|Male monarch Asclepias subverticillata|
We weren’t sure what we would find. Every summer we enjoy following the monarch trail around Arizona. By July monarchs usually arrive and establish breeding colonies in the higher elevations. After the record low overwintering population in Mexico and lower numbers in California, what would we see?
|Monarch larva Asclepias speciosa|
While the rest of the country is seeing a plunge in monarch sightings as well as eggs, larvae and pupae, what we’ve seen so far in Arizona gives hope. Bob and I’ve visited Springerville/Eager as well as Pinetop/Lakeside in the White Mountains twice over the last three weeks and the number of monarchs is steadily increasing. Plus, we were still seeing female monarchs laying eggs a week ago. As the milkweeds are now beginning to senesce as Fall draws near, seed pods are growing. Yet, many new sprigs are breaking ground to the delight of female monarchs still depositing eggs.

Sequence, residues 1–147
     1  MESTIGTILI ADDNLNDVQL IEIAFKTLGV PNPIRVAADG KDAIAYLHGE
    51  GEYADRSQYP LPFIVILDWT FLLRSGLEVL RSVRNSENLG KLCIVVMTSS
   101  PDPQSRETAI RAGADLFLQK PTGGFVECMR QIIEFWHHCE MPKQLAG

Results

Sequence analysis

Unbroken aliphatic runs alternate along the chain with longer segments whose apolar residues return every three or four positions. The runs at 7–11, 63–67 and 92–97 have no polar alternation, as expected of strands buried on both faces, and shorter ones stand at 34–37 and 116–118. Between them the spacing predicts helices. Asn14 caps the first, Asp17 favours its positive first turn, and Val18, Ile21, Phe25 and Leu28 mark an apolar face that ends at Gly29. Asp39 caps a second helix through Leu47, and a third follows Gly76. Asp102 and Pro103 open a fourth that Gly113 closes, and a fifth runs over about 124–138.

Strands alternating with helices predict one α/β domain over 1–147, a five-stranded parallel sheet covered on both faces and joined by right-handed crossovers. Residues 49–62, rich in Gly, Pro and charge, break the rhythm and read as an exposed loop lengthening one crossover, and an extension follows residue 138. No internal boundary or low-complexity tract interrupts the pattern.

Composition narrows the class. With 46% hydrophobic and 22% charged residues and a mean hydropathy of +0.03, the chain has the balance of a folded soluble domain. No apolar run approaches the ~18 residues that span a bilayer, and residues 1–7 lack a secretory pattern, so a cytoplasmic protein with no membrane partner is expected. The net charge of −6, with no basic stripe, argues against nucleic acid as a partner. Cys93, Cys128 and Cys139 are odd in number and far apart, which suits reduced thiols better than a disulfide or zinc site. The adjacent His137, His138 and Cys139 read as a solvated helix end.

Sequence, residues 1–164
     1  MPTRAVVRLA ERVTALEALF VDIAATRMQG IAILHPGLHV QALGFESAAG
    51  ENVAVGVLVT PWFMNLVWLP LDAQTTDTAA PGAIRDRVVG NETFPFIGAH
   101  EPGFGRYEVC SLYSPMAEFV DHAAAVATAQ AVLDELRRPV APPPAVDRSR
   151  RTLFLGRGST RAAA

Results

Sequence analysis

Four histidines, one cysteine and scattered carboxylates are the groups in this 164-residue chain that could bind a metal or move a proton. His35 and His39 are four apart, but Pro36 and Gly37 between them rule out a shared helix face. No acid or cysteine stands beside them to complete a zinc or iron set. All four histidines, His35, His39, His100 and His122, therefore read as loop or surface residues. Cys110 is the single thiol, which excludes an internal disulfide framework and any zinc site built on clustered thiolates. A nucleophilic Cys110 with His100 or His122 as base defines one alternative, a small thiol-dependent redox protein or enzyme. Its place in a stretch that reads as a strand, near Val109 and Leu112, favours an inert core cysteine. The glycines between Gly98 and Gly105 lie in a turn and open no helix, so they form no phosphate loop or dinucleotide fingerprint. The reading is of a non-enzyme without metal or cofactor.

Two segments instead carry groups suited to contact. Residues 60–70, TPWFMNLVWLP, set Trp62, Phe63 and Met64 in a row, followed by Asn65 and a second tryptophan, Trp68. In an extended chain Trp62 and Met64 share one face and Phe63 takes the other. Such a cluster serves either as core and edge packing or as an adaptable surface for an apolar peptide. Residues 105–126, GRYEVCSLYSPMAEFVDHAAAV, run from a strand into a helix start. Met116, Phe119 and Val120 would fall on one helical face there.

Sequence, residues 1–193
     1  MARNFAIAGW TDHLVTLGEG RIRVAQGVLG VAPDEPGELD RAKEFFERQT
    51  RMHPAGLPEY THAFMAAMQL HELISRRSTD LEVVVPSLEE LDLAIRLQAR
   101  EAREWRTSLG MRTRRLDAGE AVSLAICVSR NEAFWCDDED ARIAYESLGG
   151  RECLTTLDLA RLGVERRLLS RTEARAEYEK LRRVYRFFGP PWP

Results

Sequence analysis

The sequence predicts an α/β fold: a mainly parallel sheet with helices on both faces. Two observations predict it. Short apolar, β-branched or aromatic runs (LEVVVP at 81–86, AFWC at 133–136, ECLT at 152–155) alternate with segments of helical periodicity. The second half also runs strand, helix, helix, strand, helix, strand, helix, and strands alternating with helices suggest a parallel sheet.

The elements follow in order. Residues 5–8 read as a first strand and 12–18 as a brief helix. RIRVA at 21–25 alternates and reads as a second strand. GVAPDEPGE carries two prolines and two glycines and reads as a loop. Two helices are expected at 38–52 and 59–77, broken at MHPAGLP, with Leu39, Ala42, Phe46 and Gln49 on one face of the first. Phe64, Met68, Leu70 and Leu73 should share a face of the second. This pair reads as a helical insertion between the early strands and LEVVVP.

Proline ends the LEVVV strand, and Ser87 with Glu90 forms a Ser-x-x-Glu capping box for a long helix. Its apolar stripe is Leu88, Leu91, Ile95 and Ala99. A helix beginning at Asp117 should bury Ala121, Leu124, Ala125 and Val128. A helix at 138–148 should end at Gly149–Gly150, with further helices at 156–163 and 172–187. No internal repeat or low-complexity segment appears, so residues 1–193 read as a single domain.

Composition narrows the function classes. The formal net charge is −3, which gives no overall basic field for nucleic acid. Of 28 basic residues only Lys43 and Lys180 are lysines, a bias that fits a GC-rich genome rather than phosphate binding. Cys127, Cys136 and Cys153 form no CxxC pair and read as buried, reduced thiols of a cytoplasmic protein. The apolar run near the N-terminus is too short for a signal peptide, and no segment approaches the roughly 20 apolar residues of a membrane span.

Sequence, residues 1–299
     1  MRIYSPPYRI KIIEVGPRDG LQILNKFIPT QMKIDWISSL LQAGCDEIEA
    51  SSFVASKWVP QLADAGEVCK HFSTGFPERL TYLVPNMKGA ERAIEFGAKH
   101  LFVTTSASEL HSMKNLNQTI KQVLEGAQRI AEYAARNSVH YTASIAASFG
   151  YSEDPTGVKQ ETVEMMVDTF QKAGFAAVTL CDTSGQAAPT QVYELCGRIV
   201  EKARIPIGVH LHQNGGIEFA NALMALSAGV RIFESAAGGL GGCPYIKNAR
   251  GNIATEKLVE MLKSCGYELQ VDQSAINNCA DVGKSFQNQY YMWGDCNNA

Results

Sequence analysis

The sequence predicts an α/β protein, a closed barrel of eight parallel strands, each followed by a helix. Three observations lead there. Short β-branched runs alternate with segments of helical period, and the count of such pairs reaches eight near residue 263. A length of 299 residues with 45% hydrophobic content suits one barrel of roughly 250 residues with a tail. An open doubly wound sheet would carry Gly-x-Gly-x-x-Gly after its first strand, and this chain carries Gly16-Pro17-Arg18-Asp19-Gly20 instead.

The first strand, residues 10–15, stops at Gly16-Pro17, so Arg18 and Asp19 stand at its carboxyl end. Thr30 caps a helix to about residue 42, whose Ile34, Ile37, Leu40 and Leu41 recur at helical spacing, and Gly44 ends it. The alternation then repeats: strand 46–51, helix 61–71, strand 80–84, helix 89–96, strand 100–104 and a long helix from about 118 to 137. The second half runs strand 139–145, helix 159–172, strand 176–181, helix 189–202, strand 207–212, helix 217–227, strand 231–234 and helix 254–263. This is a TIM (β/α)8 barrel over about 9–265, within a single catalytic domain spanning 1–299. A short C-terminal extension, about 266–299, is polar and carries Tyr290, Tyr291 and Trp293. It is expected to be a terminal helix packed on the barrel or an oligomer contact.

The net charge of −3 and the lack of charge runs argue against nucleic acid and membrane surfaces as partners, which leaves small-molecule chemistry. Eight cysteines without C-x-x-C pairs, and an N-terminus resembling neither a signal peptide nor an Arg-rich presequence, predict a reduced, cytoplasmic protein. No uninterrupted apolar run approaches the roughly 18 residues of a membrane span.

Even more promising are large meadows packed with sunflowers swaying with summer’s playful breezes. Rolling dips and gentle hills are one enormous quilt of rich nectar to fuel the monarch’s migration drawing nigh. Our abundant monsoon this year is coaxing dormant seeds to new life.
The White Mountains aren’t alone. The Southeast portion of our state also is blossoming in butterflies and monarchs as their premier season progresses. Sierra Vista and Canelo both are rich in milkweeds, nectar and monarchs – a good harbinger for the migration coming our way soon.